Mathematics Stack Exchange is a question and answer site for people studying math at any level and professionals in related fields. Join them; it only takes a minute:

Sign up
Here's how it works:
  1. Anybody can ask a question
  2. Anybody can answer
  3. The best answers are voted up and rise to the top

Let $X=Spec(R)$ be an irreducible noetherian scheme and $\eta$ the unique minimal prime ideal of $R$. Let $U$ and $V$ be open sets in $X$ and $p$ a point with $p\in V\subseteq U\subseteq X$.

If $X$ is additionally integer (i.e. additionally reuced, i.e. $R$ is a domain and $\eta=(0)$) then one has a diagram

$$ \begin{array}{ccccccl} \mathcal{O}_X(U)& \hookrightarrow &\mathcal{O}_X(V)& \hookrightarrow&{\mathcal{O}}_{X,p}&\twoheadrightarrow& k(p)=Frac(R/p)&\\ &&&\searrow&\downarrow&&&\\ &&&&{\mathcal{O}}_{X,\eta}&\xrightarrow{=}& k(\eta)=Frac(R/\eta)&(=Frac(R)) \end{array} $$

where the indicated maps ($\hookrightarrow$), the diagonal map ($\searrow$) and ${\mathcal{O}}_{X,p}\hookrightarrow {\mathcal{O}}_{X,\eta}$ are inclusions. I have some questions relating to this situation.

$\mbox{1.}$ Is the map $k(p)\to k(\eta)$ an inclusion?

One may identify all the images of the inclusions in ${\mathcal{O}}_{X,\eta}=Frac(R)$ with their domains and has $$\mathcal{O}_X(U)=\bigcap_{p\in U}{\mathcal{O}}_{X,p}.~~(*)$$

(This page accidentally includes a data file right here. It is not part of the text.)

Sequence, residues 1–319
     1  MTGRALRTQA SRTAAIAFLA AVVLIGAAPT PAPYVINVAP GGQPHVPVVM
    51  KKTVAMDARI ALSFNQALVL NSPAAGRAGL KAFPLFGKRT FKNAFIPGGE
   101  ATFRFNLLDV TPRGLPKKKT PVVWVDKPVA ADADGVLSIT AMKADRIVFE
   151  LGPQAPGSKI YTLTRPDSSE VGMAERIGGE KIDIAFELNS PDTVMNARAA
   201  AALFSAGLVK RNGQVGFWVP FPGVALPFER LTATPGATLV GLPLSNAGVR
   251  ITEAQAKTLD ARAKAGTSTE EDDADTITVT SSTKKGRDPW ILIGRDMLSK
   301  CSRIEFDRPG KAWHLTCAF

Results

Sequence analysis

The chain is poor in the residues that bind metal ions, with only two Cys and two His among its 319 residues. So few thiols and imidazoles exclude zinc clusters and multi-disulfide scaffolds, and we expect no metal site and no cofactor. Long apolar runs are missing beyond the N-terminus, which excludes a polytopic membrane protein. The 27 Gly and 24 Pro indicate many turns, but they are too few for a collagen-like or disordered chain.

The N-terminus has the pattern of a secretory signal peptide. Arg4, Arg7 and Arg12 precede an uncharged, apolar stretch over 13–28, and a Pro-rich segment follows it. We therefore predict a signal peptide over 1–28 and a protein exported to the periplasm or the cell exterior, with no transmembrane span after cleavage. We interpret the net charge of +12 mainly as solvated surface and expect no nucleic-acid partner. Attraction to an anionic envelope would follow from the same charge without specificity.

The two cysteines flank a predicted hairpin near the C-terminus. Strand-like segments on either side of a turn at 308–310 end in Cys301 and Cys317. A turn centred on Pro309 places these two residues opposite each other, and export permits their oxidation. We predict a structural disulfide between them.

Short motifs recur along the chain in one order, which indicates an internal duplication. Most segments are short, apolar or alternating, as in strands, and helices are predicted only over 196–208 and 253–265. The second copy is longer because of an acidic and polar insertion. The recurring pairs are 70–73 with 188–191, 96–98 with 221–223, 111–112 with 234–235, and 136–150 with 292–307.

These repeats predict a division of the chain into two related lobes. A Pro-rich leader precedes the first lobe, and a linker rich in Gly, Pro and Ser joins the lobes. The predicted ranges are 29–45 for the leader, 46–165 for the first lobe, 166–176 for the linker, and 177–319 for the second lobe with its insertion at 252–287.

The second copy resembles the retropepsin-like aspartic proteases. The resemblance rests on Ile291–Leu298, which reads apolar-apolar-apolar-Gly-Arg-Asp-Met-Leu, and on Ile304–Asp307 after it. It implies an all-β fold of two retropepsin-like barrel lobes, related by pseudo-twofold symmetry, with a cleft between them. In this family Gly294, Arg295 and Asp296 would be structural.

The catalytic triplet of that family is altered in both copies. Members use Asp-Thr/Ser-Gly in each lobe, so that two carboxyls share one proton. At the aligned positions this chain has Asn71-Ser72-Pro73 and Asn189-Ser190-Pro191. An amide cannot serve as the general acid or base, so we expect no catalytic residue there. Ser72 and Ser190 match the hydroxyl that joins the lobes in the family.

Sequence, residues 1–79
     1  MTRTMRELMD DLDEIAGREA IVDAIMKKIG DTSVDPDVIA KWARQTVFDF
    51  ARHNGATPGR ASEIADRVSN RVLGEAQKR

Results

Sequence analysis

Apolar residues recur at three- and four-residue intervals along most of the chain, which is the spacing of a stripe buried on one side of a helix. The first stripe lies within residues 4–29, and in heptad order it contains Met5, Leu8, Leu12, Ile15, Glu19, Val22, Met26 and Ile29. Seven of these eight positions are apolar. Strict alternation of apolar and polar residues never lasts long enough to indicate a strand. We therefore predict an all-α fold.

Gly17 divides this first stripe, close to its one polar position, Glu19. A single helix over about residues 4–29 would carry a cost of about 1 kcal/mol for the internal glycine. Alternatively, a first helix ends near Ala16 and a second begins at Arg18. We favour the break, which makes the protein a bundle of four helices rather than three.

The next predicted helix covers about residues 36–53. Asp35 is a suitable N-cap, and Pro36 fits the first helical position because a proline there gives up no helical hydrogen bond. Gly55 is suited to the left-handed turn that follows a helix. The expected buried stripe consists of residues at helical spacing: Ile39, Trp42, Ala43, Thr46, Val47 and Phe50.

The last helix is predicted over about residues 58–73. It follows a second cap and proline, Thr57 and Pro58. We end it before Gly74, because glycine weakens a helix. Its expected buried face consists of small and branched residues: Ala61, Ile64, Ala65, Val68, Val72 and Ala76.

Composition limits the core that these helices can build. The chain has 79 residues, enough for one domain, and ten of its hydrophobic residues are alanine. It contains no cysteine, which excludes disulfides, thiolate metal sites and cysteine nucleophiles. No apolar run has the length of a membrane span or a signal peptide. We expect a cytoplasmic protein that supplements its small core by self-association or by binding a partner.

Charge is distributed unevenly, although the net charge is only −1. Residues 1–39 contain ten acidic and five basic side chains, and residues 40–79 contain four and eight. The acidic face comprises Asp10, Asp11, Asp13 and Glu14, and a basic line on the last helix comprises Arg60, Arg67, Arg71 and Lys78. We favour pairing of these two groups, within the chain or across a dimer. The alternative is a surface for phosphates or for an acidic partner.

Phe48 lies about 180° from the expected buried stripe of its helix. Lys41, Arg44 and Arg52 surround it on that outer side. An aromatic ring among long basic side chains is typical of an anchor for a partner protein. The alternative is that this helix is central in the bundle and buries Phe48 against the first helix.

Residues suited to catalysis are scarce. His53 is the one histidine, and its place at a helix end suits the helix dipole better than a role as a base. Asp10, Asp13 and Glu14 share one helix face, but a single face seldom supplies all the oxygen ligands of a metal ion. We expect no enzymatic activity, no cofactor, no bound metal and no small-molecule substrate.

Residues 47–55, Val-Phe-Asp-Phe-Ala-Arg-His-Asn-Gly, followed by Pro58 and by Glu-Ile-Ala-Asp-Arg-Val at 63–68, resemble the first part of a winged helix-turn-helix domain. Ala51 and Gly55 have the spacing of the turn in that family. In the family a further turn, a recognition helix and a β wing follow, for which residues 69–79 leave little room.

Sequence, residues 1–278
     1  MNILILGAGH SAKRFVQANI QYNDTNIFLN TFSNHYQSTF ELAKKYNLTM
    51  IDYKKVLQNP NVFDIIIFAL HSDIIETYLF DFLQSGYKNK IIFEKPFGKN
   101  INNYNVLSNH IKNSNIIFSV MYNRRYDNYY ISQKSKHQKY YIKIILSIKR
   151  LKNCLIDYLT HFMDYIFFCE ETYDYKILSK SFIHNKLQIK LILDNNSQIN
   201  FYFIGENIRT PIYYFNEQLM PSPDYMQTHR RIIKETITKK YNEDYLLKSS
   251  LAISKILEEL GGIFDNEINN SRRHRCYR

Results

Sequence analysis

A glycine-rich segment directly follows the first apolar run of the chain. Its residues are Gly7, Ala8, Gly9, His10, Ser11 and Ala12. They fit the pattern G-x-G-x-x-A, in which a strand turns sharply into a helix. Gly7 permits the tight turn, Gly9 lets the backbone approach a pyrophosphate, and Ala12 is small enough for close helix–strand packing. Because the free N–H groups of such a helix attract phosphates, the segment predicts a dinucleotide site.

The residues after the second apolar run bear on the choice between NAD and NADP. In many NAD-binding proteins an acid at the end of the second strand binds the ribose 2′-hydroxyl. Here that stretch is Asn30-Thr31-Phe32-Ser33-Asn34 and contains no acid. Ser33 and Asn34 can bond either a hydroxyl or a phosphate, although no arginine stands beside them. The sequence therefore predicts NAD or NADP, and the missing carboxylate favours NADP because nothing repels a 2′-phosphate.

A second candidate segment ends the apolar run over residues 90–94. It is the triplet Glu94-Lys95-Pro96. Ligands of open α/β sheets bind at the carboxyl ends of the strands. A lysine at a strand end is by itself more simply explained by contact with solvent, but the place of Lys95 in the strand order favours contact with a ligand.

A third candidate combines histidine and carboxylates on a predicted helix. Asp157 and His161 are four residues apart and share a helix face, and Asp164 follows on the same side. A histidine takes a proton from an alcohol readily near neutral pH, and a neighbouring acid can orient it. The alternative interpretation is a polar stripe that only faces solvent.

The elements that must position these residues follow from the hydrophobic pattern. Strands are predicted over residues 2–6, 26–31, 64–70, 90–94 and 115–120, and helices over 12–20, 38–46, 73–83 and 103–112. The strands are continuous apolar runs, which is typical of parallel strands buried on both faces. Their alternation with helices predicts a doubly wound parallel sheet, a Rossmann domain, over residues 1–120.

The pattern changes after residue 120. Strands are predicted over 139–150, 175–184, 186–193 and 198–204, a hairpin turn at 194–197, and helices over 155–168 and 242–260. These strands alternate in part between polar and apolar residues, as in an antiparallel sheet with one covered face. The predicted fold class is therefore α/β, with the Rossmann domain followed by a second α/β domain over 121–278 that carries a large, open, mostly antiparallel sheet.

This identification is very helpful for me since one can really "work" then inside the big ring ${\mathcal{O}}_{X,\eta}$.

$\mbox{2.}$ I would like to understand function fields and stalks in the non-reduced case (but $X$ still irreducible). Then one can write down the same diagram as above (instead of the equality $Frac(R/\eta)=Frac(R)$). Which of the arrows remain inclusions ? Can I write down something like $(*)$ in this case, too?

share|cite|improve this question
up vote 4 down vote accepted

Concerning 1.: Why do you think that there should be a map $k(p)\to k(\eta)$?

Consider for example the case $R=\mathbb{Z}$. Then for any two different points $p$ and $q$ of $\mathrm{Spec}\,\mathbb{Z}$ one has $\mathrm{Hom}(k(p),k(q))=\emptyset$ because these are two fields of different characteristic.

Concerning 2., the ring $R=k[x,y]/(x^2,xy)$ is enlightening. Topologically it is identical to $k[x,y]/(x)=k[y]$, so its spectrum is just a line, but with the origin infinitesimally thickened in the $x$-direction. The ideal $(x)$ is its unique minimal prime ideal. Whenever $U$ is an open subset not containing the point $(x,y)$ the restriction map $\mathcal{O}_X(X)\to \mathcal{O}_X(U)$ is not injective, because $x$ maps to zero in the latter ring. In particular $\mathcal{O}_X(X)\to \mathcal{O}_{X,\eta}$ is not injective.

share|cite|improve this answer
Well said, Philipp, very lucid (+1, of course). – Georges Elencwajg Jun 27 '11 at 20:24
Yes, thank you, Philipp! Can I still write $\mathcal{O}_X(U)$ as something having to do with the stalks $\mathcal{O}_{X,p}$ in the non-reduced case, like in (*)? This would help me much to understand what sections on $U$ should be. – geometrystudent Jun 28 '11 at 12:33

Your Answer


By posting your answer, you agree to the privacy policy and terms of service.

Not the answer you're looking for? Browse other questions tagged or ask your own question.